AI Technology's Foray Into The Enchanting World of Video Compression

By Anubhav Singh Samsung R&D Institute India-Bangalore
By Raj Narayana Gadde Samsung R&D Institute India-Bangalore
By Balvinder Singh Samsung R&D Institute India-Bangalore
By Min Woo Park Samsung Research
By Kwang Pyo Choi Samsung Research

Images and videos have been at the forefront of digital media consumption for a long time. All aspects of video and image capture, transmission, and display have seen leaps of innovation in recent times. Content creation has evolved considerably over the years, for example, 2D to 3D capture in mobile devices, AR/VR capture, point clouds, 3D meshes, Generative AI based image/video generation, etc. Resolution has also increased many fold, from the SVGA (800x600) to HD, FHD, & now going beyond UHD. Additionally, display technology has evolved from LCD to OLED to AMOLED with newer capabilities of High Dynamic Range (HDR) and Wide Color Gamut (WCG). With these advancements, even the smallest of visual artefacts can lead to a poor user experience. The definition of end user of encoded videos has also changed over time. Use cases where content is consumed by Machine Learning (ML) algorithms rather than human eyes have also emerged. A human eye may not notice very low-level details, but an ML algorithm might find them to be highly crucial for performing the desired tasks.

Video codecs have to adapt the huge variation in all aspects of media consumption. Traditional video codecs have relied on statistics and image processing techniques at their core for long. The success of AI in generic image processing tasks make the AI-powered video codecs a promising proposition. Exploration of such techniques in industry as well as standard bodies such as Moving Picture Experts Group/ Alliance for Open Media (MPEG/AOM) has shown good evidence for its viability, but has also revealed the challenges or unsolved technical problems. AI based pre- and post-processing have already been developed and deployed in many commercial solutions and with standardization of JPEG AI (Neural Network based Image compression) [1], the prospects of AI in video compression seem to be optimistic.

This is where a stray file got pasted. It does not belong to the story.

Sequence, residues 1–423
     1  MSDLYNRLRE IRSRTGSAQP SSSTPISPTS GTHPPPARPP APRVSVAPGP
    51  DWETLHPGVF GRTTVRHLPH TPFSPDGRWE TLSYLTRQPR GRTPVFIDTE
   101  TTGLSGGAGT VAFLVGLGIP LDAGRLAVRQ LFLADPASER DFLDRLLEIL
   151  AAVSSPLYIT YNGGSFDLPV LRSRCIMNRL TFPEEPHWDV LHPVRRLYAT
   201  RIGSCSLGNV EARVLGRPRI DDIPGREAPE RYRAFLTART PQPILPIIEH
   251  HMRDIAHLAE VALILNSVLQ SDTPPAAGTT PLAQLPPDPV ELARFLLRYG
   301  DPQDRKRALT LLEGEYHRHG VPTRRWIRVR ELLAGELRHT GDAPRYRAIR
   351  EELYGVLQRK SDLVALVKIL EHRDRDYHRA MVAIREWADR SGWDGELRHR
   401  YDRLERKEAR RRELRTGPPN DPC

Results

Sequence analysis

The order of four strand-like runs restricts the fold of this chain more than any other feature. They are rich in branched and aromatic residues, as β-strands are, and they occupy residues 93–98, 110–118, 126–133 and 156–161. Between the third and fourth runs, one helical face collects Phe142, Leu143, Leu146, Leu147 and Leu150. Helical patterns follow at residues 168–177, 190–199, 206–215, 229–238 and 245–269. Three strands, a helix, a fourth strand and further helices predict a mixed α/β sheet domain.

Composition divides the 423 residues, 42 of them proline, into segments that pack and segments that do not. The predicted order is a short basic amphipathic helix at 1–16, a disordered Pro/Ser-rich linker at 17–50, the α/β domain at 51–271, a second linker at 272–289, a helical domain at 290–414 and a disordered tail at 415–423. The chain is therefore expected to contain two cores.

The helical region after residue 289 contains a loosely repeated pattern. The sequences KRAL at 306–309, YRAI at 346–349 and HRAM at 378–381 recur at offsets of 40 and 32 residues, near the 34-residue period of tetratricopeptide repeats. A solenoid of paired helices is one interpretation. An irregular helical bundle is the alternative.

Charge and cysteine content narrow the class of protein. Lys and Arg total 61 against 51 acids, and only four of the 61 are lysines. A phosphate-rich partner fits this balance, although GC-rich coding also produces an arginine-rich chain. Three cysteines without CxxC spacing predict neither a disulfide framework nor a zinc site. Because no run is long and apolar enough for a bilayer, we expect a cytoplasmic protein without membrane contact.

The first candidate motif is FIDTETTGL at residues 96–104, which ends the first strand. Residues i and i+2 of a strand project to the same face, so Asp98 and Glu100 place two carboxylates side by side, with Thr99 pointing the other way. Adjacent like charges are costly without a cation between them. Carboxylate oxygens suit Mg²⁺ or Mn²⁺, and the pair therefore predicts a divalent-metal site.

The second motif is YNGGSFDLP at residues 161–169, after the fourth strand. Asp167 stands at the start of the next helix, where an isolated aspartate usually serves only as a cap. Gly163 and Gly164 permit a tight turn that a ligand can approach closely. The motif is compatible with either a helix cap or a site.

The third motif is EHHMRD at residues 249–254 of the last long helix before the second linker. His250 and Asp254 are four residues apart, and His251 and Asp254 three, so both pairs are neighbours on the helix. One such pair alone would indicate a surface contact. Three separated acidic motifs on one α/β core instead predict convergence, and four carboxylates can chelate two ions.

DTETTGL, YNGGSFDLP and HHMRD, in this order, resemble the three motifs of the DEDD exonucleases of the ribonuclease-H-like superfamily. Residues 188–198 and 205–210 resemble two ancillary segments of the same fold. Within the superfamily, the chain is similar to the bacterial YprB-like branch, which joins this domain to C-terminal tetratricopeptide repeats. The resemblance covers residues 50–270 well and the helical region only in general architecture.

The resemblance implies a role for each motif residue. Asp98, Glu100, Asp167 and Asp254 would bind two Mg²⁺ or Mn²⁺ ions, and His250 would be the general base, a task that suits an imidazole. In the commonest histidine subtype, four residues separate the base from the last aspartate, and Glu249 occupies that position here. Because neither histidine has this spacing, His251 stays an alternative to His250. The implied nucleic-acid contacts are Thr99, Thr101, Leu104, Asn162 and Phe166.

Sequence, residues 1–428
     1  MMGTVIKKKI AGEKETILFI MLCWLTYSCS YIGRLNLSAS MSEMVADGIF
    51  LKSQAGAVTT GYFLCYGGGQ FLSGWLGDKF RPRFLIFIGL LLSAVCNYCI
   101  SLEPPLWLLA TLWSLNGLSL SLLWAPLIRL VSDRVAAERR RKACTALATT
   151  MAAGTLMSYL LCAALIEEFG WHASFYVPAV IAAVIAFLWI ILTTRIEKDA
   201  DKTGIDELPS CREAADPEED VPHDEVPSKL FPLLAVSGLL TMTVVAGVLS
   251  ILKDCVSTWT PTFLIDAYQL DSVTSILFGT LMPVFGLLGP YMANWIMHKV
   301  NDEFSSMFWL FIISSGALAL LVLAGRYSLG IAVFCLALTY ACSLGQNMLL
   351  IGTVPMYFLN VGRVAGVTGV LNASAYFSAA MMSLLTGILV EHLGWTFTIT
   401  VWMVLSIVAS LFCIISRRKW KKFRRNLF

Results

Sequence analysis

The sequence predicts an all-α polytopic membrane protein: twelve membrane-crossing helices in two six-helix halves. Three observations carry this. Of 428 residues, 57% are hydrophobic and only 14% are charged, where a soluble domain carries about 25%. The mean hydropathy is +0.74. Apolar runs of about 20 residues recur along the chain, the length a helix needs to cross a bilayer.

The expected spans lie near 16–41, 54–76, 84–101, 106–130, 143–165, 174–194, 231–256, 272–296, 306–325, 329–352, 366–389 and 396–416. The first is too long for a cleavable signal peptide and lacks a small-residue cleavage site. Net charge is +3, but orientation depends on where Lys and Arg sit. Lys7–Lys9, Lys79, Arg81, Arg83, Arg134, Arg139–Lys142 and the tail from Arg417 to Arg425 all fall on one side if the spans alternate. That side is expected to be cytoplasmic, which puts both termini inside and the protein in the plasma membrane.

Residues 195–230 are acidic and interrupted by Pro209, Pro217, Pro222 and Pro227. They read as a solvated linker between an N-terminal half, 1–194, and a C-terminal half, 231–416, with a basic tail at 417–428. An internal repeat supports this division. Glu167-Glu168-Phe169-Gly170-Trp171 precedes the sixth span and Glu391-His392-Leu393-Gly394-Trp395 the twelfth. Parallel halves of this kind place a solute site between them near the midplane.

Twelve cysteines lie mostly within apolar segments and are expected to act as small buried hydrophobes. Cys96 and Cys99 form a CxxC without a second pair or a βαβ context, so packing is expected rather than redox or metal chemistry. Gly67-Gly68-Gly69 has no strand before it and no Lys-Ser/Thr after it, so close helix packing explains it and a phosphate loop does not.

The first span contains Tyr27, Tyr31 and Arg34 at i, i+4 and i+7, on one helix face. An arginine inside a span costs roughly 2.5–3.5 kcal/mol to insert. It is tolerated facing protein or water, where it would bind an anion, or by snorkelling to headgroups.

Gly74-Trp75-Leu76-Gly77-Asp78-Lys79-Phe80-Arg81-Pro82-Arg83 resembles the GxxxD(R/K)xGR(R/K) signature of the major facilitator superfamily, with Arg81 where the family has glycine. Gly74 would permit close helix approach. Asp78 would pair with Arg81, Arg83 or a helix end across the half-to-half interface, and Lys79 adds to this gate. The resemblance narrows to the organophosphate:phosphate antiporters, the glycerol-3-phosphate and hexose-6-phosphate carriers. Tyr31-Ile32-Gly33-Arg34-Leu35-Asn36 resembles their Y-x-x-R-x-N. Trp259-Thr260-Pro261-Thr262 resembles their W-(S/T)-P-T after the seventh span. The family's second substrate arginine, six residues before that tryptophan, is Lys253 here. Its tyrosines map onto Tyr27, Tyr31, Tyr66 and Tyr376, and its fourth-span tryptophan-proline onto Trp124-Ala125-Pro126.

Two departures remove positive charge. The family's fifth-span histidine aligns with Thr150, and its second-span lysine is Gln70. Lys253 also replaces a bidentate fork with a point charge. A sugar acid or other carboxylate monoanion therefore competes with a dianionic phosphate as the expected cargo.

Video Codecs: Standardization & Evolution over time

Popularity of a video codec is heavily reliant on its global standardization. Adoption of a common set of specific rules for interpreting a compressed media bitstream is achieved through rigorous collaborative development and consensus among global stakeholders. As a result, the standardization of video codecs has led to mass adoption and usage across the industry. H.264/AVC and HEVC are two of the most widely used codecs in video compression applications.

Video codecs have seen an evolution from the days of H.261 to the most recent VVC to cater to new kinds of content, need for a richer user experience and display devices as shown in Fig. 1. The earliest video codecs were limited to handling 2D media. Over the years, contents like AR/VR, Screen Content, Point Clouds and Multi-camera capture have given rise to newer and more robust codecs with wide variety of tools. Combined with this is the ever-increasing video consumption rate. According to estimates [2], roughly 75% of internet traffic is caused by video content. With the advent of consumer centric video delivery platforms, especially short video apps, there is a bigger need for achieving higher quality at extremely low bitrate.

Figure 1. Display Resolutions, Display types and content variations over recent past